American troops aboard Navy transport at pier. Troops embark on Navy transports at Hoboken.
Following the armistice of World War I, President Woodrow Wilson and his party depart Hoboken New Jersey bound for the Paris Peace Conference. Band on a transport pier near building marked "Pier 5 U.S. Army Transport Service" at Hoboken, New Jersey port. Converted liner USS George Washington seen with sailors and dignitaries aboard, leaving port. Sign "Naval Transport George Washington" seen briefly on the ship. People stand on ship and on shore waving. A tugboat at the port with many people aboard bidding farewell to the President and his party. Steam rises from stack of USS George Washington. President Woodrow Wilson stands on the ship talking to others. USS George Washington underway in the harbor.
Views from a small boat moving past docked transport ships at U.S. Transport Service piers in Hoboken, New Jersey, during World War 1. Tugboats and some small boats maneuver in the area. Some ships display the American flag at their sterns. The camera boat passes pier 5, of the Transport Service when smoke from ships' stacks obscures the picture somewhat. Next it passes Pier 4 and then a large ship being maneuvered by tugboats at Pier 3. The camera boat continues past a tugboat tied up at Pier 2 and finally reaches Pier 1, where another tugboat is tied up. (World War i; World War 1; WWI; WW1)
USS George Washington departs from Hoboken, New Jersey bound for the Paris Peace Conference at end of World War 1, with President Woodrow Wilson and his party on board. Smoke rises from stacks of the ship. Hoboken buildings and skyline in the background as seen from ship on the water. Silhouette of ship. A zeppelin airship (presumably of the U.S. Navy) in the sky over the port. It passes near the USS George Washington. A biplane aircraft in the sky passes by ship. A barge with stripes painted across entire exterior. Barge, airship and airplane in the sky seen. (World War I; World War 1; WWI; WW1)
U.S. Army negro troops returning home following service in Europe at the conclusion of World War 1. The 369th Infantry, 93rd Division negro troops of the New York National guard (also known as the 15th New York National Guard Regiment or Old Fifteenth; also the nickname Harlem Hellfighters), arrives at Hoboken aboard the Swedish-American ocean liner 'Stockholm'. View of their commander, Colonel William Hayward, talking to a soldier on the ship deck. Negro soldiers of the famous jazz band led by James Reese Europe play on the aft promenade deck of a smaller transport ship shuttling troops from the Stockholm to the disembarkation pier. View of Hoboken skyline buildings as they disembark at pier 97, North River, at the foot of West 57th Street and walk in line formation. A board reads 'Welcome Home'.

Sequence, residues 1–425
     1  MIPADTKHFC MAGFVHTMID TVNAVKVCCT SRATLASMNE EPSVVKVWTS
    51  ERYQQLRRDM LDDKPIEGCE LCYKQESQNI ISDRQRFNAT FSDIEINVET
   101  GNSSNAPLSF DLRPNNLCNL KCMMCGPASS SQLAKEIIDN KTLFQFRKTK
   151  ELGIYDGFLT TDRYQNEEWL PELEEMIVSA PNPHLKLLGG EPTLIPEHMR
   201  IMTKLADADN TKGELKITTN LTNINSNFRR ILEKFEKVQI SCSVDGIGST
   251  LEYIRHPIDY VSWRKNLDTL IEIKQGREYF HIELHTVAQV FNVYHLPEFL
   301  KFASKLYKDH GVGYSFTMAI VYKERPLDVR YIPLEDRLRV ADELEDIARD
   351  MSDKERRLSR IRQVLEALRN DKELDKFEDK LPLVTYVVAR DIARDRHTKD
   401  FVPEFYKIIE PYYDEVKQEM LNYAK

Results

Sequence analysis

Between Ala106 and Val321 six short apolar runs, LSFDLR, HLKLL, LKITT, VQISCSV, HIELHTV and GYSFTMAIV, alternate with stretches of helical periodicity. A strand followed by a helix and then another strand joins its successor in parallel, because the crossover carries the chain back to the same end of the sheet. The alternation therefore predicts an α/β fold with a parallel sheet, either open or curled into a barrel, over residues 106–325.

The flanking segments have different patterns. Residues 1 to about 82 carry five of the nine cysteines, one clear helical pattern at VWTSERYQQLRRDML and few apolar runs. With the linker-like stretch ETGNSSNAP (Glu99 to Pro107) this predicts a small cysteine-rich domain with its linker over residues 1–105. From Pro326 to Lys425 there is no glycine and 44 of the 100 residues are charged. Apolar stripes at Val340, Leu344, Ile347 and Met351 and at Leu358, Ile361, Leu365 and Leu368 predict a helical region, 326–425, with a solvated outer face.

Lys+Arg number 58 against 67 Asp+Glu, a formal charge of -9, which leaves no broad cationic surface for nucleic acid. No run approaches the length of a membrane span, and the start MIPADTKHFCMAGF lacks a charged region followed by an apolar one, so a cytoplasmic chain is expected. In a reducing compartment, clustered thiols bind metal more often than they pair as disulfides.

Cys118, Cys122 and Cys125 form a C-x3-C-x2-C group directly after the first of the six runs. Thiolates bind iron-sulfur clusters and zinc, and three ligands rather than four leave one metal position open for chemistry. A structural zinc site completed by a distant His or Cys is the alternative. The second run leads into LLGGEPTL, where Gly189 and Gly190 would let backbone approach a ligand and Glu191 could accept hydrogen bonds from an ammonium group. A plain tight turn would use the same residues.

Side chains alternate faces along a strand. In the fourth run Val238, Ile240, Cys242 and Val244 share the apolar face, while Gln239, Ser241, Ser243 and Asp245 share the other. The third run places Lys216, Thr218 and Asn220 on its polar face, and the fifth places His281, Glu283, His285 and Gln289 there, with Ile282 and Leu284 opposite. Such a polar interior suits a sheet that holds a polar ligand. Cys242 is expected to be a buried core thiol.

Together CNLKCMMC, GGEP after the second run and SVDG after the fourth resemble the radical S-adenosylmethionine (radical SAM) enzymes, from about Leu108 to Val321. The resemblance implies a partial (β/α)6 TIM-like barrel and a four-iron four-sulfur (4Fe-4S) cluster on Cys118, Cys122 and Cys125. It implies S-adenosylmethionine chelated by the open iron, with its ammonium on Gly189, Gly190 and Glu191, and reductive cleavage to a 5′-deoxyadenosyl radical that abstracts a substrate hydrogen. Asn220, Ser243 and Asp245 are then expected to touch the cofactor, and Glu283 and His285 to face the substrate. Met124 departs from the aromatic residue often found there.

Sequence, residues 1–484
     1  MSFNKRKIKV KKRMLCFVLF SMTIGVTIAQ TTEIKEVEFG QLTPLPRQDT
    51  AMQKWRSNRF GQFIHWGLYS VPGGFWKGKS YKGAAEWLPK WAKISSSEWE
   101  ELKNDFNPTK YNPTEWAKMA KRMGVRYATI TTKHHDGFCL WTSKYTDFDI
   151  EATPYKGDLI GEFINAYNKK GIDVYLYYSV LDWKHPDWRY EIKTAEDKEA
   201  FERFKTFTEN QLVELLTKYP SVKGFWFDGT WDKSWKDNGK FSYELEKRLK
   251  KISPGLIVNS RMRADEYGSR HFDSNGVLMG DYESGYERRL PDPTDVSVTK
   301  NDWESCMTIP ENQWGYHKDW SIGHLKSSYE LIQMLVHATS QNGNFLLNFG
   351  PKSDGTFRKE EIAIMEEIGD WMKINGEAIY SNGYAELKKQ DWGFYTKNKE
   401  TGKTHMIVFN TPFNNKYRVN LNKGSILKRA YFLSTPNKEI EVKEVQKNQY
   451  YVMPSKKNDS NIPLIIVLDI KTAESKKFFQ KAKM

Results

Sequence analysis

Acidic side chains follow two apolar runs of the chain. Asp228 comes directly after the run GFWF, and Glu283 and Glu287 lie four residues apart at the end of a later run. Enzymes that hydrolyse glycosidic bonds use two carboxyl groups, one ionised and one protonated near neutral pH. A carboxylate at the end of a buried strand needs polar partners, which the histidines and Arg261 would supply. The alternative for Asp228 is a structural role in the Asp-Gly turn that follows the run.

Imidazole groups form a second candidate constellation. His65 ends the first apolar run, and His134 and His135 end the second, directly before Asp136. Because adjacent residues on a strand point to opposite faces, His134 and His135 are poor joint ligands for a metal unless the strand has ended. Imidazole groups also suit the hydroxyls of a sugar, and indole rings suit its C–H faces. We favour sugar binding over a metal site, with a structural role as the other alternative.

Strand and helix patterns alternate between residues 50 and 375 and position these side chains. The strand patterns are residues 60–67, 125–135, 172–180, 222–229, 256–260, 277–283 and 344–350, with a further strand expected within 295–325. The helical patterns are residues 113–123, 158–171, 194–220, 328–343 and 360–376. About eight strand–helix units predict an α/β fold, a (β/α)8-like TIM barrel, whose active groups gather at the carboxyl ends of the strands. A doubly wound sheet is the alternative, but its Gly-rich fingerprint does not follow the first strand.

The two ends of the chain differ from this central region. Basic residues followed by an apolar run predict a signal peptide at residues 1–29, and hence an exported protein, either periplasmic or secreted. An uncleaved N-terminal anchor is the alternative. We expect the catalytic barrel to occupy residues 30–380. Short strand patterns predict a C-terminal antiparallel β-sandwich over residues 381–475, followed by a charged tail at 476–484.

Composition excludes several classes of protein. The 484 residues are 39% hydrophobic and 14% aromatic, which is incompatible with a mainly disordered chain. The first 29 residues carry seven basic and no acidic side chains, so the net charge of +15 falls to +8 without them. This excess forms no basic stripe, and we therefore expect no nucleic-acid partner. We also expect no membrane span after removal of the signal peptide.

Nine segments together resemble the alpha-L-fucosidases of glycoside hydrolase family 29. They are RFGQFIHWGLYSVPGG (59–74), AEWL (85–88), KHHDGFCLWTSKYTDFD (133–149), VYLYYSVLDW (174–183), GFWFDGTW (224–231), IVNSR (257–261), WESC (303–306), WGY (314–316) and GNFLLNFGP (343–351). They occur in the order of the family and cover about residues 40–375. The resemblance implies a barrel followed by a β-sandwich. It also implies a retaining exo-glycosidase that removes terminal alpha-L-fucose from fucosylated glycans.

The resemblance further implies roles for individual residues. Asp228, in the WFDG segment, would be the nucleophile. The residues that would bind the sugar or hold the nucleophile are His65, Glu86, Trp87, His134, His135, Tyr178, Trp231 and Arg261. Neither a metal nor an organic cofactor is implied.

Scenes in Lyndhurst, New Jersey after explosion in the Canadian Car and Foundry Company in Kingsland (in Meadowlands of New Jersey) during World War 1. The company built shells for shipment to Russia in World War I. Over 500,000 shells were destroyed in the blast and fire, bombarding the surrounding areas in Kingsland - Lyndhurst. Black smoke rising in the distance, at night, seen from the coast. Close views of industrial buildings and homes on fire. Night views of homes and buildings engulfed in flames. People walk through smoking wreckage afterwards and pick through debris. Devastation covers area flattened by explosion and fire. Twisted railroad tracks covered by debris. A pile of munitions shells in a heap in the burned out shell of a building. View of the D.L.&W (Delaware, Lackawanna & Western) Railroad Shops building at Kingsland (now Lyndhurst), with DL&W train car 605 parked in front. Railroad Shops building is pitted with holes and broken glass from 3-inch shell bombardment. Two men inspect a damaged railroad car with broken glass and a 3-inch shell embedded in the side of the car. A heavily damaged residential house with holes and blown-out windows, and a shell embedded in the front door. Citizens pick through wreckage in front of a building where only cement pilings remain. Scene shifts to Perth Amboy area, October 1918. View of displaced families made homeless by the T.A. Gillespie Shell Loading Plant explosion (Morgan Depot Explosion; largest munitions factory in the world). Refugees sit in a town square. Men, women, and children among the refugees. An Army soldier and Navy sailor seen near refugees as they eat and drink. View of Smith Street in Perth Amboy with shops damaged by the blast. Under Martial Law, U.S. Army troops patrol with rifles to prevent looting. Pedestrians and a streetcar pass. Sign along sidewalk for entrance to Michaels & Co. at 178 Smith Street. (Suspected cause of incidents: Gillespie - worker error; Kingsland - sabotage as in the 1916 Black Tom explosion.)